Digital AV Changes Everything
You're heard before that it's time to start designing digital AV systems, but now it's a little more pressing. If you don't, someone outside of AV will.
How many times can you hear about how the AV industry is changing before you tune out the message? One more time? Of course, you tune out later at your peril. The biggest change to date has been the transformation of sound and video to ones and zeroes—digital data that travels across a network. Time and again we hear about AV professionals (and a number of their clients) who are resistant to make the change. One consultant told me that he designed a large venue using all-digital AV running over fi ber-optic cabling. When it came time to build the thing, the integrator tossed out the plans and ran analog over standard wires.
Change can be unsettling. But here's why you can't be like that integrator and ignore the transition to all-digital AV systems: If you do, you'll be out of business. We're not saying that analog is going to disappear immediately (though check back in a few years), but when AV is reduced to ones and zeroes–when all it cares about is whether it has enough bandwidth to reach its destination–then anyone can do it. And any company looking for ways to grow its business will do it.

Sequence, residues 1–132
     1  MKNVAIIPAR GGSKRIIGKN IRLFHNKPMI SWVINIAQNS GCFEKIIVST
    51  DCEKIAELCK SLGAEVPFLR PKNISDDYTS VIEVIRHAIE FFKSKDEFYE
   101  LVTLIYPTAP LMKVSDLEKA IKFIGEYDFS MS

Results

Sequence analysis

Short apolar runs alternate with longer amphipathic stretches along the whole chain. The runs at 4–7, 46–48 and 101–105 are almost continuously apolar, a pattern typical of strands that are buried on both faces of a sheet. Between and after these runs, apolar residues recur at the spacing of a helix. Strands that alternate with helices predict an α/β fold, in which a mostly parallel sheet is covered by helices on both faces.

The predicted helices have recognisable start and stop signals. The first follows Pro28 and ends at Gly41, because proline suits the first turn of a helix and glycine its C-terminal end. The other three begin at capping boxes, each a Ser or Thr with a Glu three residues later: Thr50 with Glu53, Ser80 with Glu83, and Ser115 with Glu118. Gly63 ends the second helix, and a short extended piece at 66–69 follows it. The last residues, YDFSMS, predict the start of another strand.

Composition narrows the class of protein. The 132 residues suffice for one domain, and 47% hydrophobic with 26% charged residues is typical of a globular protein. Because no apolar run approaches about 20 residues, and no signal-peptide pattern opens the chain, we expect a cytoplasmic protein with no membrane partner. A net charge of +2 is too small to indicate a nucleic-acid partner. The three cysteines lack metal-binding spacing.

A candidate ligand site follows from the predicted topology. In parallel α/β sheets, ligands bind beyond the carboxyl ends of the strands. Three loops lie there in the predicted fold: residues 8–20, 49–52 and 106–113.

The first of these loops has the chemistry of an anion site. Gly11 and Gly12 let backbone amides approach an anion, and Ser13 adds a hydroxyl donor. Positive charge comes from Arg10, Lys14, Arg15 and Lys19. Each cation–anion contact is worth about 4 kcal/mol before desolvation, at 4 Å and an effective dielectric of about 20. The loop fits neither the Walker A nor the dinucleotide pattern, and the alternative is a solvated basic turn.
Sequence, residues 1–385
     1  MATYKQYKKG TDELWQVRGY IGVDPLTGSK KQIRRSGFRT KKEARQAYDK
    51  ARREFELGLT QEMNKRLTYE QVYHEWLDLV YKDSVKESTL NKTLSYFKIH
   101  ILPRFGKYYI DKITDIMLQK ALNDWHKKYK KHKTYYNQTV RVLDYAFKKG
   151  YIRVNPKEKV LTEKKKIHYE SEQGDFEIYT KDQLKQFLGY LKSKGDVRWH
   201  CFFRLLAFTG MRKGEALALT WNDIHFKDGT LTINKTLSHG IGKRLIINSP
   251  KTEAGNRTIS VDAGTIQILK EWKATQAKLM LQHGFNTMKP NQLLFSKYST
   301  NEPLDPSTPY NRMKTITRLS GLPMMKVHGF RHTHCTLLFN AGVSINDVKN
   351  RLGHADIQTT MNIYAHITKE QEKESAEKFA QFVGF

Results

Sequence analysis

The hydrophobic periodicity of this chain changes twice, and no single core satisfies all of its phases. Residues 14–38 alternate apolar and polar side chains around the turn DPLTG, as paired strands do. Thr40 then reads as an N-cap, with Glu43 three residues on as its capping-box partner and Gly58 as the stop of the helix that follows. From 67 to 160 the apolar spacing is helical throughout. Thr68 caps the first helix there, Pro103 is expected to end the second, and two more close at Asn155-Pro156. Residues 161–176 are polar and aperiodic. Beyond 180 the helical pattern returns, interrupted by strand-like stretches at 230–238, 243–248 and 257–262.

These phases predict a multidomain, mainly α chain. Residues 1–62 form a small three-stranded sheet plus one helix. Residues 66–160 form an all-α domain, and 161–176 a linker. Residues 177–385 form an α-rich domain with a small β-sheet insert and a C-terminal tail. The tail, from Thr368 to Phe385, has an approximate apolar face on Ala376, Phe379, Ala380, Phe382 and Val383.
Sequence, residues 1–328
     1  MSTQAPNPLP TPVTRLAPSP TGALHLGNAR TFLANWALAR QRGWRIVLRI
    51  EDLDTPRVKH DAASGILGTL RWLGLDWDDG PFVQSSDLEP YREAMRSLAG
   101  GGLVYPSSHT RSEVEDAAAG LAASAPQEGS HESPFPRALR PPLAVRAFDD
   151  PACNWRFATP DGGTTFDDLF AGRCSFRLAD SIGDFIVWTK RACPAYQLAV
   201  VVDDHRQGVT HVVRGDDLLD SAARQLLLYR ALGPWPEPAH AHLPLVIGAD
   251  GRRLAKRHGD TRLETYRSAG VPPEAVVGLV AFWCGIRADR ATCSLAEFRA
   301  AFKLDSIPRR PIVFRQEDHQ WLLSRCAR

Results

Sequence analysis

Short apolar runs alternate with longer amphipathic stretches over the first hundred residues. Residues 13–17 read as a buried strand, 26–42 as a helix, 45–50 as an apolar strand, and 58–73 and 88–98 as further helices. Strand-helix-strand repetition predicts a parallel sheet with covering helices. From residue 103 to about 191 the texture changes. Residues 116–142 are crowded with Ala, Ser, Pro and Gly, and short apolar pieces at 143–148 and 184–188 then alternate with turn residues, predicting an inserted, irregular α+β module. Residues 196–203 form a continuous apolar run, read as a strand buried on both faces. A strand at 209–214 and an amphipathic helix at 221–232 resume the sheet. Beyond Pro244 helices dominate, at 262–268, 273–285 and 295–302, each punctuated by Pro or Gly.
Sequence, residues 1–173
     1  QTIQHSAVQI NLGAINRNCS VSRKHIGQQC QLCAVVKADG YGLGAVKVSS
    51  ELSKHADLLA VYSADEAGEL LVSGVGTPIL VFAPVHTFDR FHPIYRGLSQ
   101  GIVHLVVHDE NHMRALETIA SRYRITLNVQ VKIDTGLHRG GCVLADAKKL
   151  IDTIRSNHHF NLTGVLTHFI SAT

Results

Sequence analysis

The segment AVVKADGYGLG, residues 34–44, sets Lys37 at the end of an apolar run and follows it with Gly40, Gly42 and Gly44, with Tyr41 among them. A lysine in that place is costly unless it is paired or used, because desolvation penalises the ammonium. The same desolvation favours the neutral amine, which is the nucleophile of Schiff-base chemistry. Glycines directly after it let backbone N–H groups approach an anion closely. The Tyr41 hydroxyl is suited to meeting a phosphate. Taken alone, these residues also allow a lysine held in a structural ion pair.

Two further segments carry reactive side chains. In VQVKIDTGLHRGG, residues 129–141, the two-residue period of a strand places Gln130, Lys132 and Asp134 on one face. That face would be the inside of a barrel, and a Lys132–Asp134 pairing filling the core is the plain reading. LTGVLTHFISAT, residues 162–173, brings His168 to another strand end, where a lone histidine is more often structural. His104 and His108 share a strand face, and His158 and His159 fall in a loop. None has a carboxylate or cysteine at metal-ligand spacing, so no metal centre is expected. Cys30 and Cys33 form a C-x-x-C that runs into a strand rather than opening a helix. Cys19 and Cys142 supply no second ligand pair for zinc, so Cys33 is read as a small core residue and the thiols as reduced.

You've heard of New Meadowlands Stadium, right? We're not sure how the conversation went, but when it came time to integrate the AV, technology providers Cisco Systems and Verizon must have said, "Oh, we can do that for you, too." It's not the fi rst time Verizon has taken on AV work that might have gone to someone else. But they do it because they can. So can electrical, IT, and lowvoltage cabling fi rms. They can't do a lot of what AV pros do best, but they can do ones and zeroes.
And companies in this industry want to make sure you can, too. That's why Crestron changed its control architecture and is encouraging AV pros to get into building management. And why Extron is adding streaming media codecs to its traditional AV switchers. Many AV integration firms have seen the writing on the wall and are designing systems that run over IP networks.
Now's the time for a crash course in how digital video works. It's for the collective good. Please don't shoot the messenger.